Constituency Development Fund is dead, long live CDF

The Nyali Constituency Development Funds (CDF) Offices in Mombasa

The Nyali Constituency Development Funds (CDF) Offices in Mombasa in this photo taken on June 27,  2022.

Photo credit: Kevin Odit | Nation Media Group

What you need to know:

  • When it comes to ideas on how to greet public money, our MPs are the most creative of any set of professionals in Kenya.
  • They aren’t short of ideas on the next style of milking the cow whenever one option runs out of fuel.
  • Kenyans are banking on the new crop of MPs who’re already promising to stand with the people and sit without allowance.

We have all been waiting for news from unlikely quarters this week.

The Supreme Court, doing the Lord’s work again, found the Constituency Development Fund (CDF) had been molested beyond recognition and ordered that it should be removed from the hands of MPs; as they have been certified to be sticky, slippery, or both.

It’s not the music MPs had requested the DJ to play while they kept vigil for the punishing election day the next morning, and no one would fault them for pouting at the Supreme Court judges.

They had spent five years begging for alms from fat cats to give their campaigns more lives, with the promise that upon winning they’d use the CDF kitty to return to their point of salvation and say thank you with more than words.

While the MPs’ camp was still processing the funeral announcement, the tent housing struggling Kenyans had its roof blown off by wild carnival.

It wasn’t because Kenyans hate their MPs as to wish them a bad omen; as a matter of fact, Kenyans love their politicians more than Christ loves the church – we refer to them by honourable names they haven’t worked for, and even sacrifice our food money to aid and abet their large living.

Sufferer tent 

However, the celebrations in the sufferer tent, at the Supreme Court’s prescription, were a reaction to the Godly vengeance on public officials who promise water but drink it all.

We have been electing MPs to serve us maize flour at compromised prices, only for them to team up and help the cost of living graduate without ever attending economics classes.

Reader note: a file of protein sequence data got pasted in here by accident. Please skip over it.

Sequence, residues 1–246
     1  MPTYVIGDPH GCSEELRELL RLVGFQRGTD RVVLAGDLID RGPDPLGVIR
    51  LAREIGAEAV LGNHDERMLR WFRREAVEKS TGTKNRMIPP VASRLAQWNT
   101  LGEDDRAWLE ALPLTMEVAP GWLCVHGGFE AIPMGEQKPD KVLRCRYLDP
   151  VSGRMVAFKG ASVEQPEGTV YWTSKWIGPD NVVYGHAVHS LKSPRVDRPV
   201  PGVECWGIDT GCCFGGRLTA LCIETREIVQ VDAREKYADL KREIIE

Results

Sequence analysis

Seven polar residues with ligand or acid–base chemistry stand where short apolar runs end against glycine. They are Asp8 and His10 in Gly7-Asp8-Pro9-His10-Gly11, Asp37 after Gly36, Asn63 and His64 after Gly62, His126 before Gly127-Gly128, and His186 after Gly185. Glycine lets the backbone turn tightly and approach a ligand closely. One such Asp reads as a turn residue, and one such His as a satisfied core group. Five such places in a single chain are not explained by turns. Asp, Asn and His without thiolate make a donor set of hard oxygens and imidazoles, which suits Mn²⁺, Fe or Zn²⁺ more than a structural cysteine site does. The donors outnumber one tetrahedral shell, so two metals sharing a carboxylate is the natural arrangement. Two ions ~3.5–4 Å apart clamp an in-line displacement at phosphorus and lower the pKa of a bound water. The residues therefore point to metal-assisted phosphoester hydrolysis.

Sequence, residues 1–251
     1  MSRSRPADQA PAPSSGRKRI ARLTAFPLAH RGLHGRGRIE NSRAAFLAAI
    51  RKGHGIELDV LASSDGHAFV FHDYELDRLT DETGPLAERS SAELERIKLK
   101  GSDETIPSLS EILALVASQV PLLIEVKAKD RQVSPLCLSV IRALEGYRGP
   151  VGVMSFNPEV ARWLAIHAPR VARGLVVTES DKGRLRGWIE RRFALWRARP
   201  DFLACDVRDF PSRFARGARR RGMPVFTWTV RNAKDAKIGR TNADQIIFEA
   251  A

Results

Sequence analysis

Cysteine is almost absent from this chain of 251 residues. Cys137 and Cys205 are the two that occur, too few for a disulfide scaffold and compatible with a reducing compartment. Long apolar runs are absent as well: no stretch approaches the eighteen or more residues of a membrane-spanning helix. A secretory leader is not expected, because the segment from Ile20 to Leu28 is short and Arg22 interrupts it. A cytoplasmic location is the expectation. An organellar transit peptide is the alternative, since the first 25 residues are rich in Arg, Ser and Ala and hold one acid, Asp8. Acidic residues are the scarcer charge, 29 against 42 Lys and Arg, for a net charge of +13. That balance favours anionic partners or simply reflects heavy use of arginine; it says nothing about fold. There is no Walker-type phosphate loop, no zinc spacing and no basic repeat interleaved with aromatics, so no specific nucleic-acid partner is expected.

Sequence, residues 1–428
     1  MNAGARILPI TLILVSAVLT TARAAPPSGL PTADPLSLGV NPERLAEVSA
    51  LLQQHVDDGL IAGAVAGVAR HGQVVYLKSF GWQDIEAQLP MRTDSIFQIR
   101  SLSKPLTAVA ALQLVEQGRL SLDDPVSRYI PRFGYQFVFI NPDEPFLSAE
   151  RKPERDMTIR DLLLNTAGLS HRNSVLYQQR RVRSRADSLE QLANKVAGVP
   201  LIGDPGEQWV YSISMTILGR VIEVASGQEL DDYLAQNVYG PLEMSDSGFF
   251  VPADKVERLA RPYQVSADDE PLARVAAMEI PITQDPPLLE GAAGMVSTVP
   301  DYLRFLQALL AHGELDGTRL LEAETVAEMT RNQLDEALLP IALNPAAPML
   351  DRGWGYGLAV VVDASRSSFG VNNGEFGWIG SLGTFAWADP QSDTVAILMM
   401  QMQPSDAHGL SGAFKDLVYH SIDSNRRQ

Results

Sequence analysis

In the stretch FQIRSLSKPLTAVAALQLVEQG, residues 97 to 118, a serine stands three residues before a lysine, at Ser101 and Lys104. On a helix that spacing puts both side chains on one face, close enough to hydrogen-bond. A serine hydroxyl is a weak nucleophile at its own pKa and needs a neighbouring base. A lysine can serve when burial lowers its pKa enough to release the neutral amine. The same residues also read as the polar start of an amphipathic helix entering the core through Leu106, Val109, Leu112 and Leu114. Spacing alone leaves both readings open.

Kenyans don’t expect this Supreme Court jamboree to last longer; in any case, we’ve lately become a one-minute country – our marathoners have started struggling on the big stage, as hidden talent in sprinting shows up to stand in the gap – and this good news will soon pave the way for tears of frustration when MPs finally take the oath of office and continue eating from where their predecessors left off.

When it comes to ideas on how to greet public money, our MPs are the most creative of any set of professionals in Kenya.

They aren’t short of ideas on the next style of milking the cow whenever one option runs out of fuel.

If the bucket underneath the udder is no longer approved for the milking process, the MPs will create a basket and let it leak in the direction of their bank accounts, and the result will be the same.

You can’t fault them much – they need to repay their campaign debts, else mental health issues will be their unwelcome guest, and the Constitution has refused to let MPs pass laws while in a state of unsound mind.

A rose by any other name would still smell as sweet, and so would CDF. If the MPs decide to stop the Supreme Court reggae and return to their high life in a different identity, the best we can do is pray for lightning to strike them at high noon, but that would be a stretch as Nairobi isn’t a zone endemic to chaotic weather.

Kenyans are banking on the new crop of MPs who’re already promising to stand with the people and sit without allowance.

They’ll have a permanent residency inside our hearts if they cut down on flaunting taxpayers’ money and return home to help their people eat stones found in boiled beans.

This change of lifestyle approach is backed up by scientific proof that no MP has ever died in their attempt to join other Kenyans in tightening their belts, as tightening of belts is a globally recommended life-saving practice found to not only reduce road carnage but also increase the life expectancy of road users.

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